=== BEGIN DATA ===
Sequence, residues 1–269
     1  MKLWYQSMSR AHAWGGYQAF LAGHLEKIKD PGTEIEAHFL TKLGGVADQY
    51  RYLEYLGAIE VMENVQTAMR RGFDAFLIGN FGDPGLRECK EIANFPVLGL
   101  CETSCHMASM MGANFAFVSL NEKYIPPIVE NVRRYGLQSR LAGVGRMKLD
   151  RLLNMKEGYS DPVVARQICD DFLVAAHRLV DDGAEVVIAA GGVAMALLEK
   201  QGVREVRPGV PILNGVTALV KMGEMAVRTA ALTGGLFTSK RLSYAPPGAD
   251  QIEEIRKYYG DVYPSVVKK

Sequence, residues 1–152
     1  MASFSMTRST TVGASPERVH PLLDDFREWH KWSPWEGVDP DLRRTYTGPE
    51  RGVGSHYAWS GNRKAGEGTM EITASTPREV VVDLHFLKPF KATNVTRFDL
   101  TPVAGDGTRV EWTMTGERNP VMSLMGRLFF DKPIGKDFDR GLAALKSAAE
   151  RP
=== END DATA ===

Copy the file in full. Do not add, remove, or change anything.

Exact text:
Sequence, residues 1–269
     1  MKLWYQSMSR AHAWGGYQAF LAGHLEKIKD PGTEIEAHFL TKLGGVADQY
    51  RYLEYLGAIE VMENVQTAMR RGFDAFLIGN FGDPGLRECK EIANFPVLGL
   101  CETSCHMASM MGANFAFVSL NEKYIPPIVE NVRRYGLQSR LAGVGRMKLD
   151  RLLNMKEGYS DPVVARQICD DFLVAAHRLV DDGAEVVIAA GGVAMALLEK
   201  QGVREVRPGV PILNGVTALV KMGEMAVRTA ALTGGLFTSK RLSYAPPGAD
   251  QIEEIRKYYG DVYPSVVKK

Sequence, residues 1–152
     1  MASFSMTRST TVGASPERVH PLLDDFREWH KWSPWEGVDP DLRRTYTGPE
    51  RGVGSHYAWS GNRKAGEGTM EITASTPREV VVDLHFLKPF KATNVTRFDL
   101  TPVAGDGTRV EWTMTGERNP VMSLMGRLFF DKPIGKDFDR GLAALKSAAE
   151  RP